Tag Archives: unemployment

The Real Misery Index: Unemployment Increases the Hardship

Marcus Baram The Huffington Post

The rise in unemployment continues to prolong the hardship for millions of Americans, according to the latest update of the Huffington Post’s Real Misery Index.

The index rose to 32.2 in August 2009, after peaking at 29.2 in July, largely due to the increase in the U6 unemployment rate, which tracks part-time workers looking for full-time employment and those who’ve given up looking for work. The index would be even higher if it weren’t for a slight rebound in housing prices.

Rising unemployment — and the accompanying increase in the number of Americans who have been out of work for more than 6 months (5.4 million as of September) — threatens to diminish the chances of a speedy recovery.

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New Report: Middle Skill Jobs, the Backbone of Rhode Island’s Economy, Will Account for 42 Percent of State’s Job Openings in 2016; State Workforce Not Ready to Meet Demand

Rhode Island’s Economic Recovery Tied to Preparing Workers for Jobs Requiring More than High School Diploma, Less than College Degree; Rhode Island Must Use Economic Downtime to Boost Skills of Workforce.

PROVIDENCE, R.I., Oct. 6 /PRNewswire-USNewswire/ — In what will play a major role in Rhode Island’s economic recovery, 42 percent of all job openings projected for the state by 2016 are “middle-skill” – jobs that require more than a high school diploma, but less than a four-year degree — concludes a new study released today by The Workforce Alliance and the Skills2Compete-Rhode Island campaign, an affiliate of the national Skills2Compete campaign. But to unleash the full economic benefits of these openings, Rhode Island will need to invest in proper training and education for its embattled workforce.

While the recession is stifling current employment growth, more than 68,000 “middle-skill” job openings (including new jobs and replacement) would account for 42 percent of all Rhode Island job openings between 2006 and 2016. Low- and high- skill jobs will account for 26 percent and 32 percent respectively.

The report, which for the first time tracks Rhode Island’s jobs at the middle-skill level, notes that federal funds from the recovery bill are also expected to create thousands of new jobs — particularly in industries dominated by middle-skill occupations, like environment/energy, construction, healthcare, manufacturing, and transportation.

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As layoffs persist, good jobs go unfilled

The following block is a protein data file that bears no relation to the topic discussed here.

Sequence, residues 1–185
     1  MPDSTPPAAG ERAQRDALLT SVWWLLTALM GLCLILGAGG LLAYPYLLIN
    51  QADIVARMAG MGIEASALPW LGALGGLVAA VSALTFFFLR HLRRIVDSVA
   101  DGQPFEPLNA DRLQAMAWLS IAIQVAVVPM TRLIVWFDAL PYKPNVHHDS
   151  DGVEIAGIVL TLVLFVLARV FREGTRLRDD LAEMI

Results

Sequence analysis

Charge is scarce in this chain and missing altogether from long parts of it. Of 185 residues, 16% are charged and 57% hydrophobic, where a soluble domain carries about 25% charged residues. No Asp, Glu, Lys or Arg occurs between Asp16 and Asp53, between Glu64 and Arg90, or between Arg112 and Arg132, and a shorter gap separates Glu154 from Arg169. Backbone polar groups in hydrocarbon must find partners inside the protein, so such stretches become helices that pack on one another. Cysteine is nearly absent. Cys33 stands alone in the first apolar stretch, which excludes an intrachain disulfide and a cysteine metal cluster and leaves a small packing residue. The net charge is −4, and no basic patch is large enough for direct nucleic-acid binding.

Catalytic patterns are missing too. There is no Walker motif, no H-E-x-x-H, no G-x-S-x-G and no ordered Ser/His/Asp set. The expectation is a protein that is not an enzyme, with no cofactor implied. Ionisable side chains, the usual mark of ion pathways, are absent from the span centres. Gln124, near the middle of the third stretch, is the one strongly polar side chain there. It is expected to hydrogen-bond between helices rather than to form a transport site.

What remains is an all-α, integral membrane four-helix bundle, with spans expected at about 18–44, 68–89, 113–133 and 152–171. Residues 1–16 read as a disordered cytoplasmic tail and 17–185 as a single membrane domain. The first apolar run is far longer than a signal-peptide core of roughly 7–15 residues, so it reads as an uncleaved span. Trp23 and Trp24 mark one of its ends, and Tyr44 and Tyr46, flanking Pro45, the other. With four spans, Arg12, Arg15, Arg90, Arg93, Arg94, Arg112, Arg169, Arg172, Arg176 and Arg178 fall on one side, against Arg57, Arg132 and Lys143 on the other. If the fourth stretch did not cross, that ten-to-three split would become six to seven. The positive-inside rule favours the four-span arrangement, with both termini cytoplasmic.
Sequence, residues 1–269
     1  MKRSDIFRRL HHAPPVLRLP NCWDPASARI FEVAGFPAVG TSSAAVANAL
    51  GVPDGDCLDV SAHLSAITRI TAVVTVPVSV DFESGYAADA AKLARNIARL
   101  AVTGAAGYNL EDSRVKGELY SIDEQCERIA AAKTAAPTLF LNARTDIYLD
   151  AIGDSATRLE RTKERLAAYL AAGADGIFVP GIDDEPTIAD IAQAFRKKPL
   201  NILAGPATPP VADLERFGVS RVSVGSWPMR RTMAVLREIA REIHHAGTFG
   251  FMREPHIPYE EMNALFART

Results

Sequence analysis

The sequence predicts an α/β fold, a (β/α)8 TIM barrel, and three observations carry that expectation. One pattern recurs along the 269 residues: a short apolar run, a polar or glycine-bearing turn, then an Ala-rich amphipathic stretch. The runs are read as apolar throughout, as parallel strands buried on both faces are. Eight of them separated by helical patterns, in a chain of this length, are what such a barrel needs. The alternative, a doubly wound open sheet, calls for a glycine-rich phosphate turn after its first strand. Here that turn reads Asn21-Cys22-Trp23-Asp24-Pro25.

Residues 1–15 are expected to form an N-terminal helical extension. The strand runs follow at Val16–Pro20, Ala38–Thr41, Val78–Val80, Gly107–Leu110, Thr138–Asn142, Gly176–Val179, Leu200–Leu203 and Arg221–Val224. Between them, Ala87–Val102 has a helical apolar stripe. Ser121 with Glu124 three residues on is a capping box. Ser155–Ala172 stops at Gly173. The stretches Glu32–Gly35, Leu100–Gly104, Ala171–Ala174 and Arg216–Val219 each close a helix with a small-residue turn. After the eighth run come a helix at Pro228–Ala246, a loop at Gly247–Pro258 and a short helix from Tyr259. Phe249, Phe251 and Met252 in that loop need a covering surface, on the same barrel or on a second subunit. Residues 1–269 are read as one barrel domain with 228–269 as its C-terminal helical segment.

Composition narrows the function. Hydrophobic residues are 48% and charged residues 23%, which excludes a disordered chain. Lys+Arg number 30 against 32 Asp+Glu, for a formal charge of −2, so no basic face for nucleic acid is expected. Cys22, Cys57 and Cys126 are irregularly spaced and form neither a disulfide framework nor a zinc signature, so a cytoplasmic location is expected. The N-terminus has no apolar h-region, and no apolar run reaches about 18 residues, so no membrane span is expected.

CHRISTOPHER LEONARD | 10/ 4/09 08:05 PM | AP

In a brutal job market, here’s a task that might sound easy: Fill jobs in nursing, engineering and energy research that pay $55,000 to $60,000, plus benefits.

Yet even with 15 million people hunting for work, even with the unemployment rate nearing 10 percent, some employers can’t find enough qualified people for good-paying career jobs.

Ask Steve Jones, a hospital recruiter in Indianapolis who’s struggling to find qualified nurses, pharmacists and MRI technicians. Or Ed Baker, who’s looking to hire at a U.S. Energy Department research lab in Richland, Wash., for $60,000 each.

Economists say the main problem is a mismatch between available work and people qualified to do it. Millions of jobs with attractive pay and benefits that once drew legions of workers to the auto industry, construction, Wall Street and other sectors are gone, probably for good. And those who lost those jobs generally lack the right experience for new positions popping up in health care, energy and engineering.

Many of these specialized jobs were hard to fill even before the recession. But during downturns, recruiters tend to become even choosier, less willing to take financial risks on untested workers.

The mismatch between job opening and job seeker is likely to persist even as the economy strengthens and begins to add jobs. It also will make it harder for the unemployment rate, now at 9.8 percent, to drop down to a healthier level.

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263,000 Jobs Lost in September, Far More Than Forecast


October 2, 2009 New York Times

The American economy lost 263,000 jobs in September — far more than expected — and the unemployment rate rose 9.8 percent, the government reported on Friday, dimming the prospect of any meaningful job growth by the end of the year.

The Labor Department’s monthly snapshot of unemployment dashed hopes that the pace of job losses would continue to slow as the economy clawed its way back from a deep recession. Economists had been hoping for 175,000 monthly job losses.

In one bright spot, fewer jobs were lost in August than originally reported — with 201,000 positions gone instead of earlier figures of 216,000.

But overall, the report offered little good news for the 15.1 million unemployed people in the United States. The number of hours worked stagnated. Overtime hours slipped in many industries. And temporary help companies — typically, among the first to rebound after a recession — shed 1,700 jobs.

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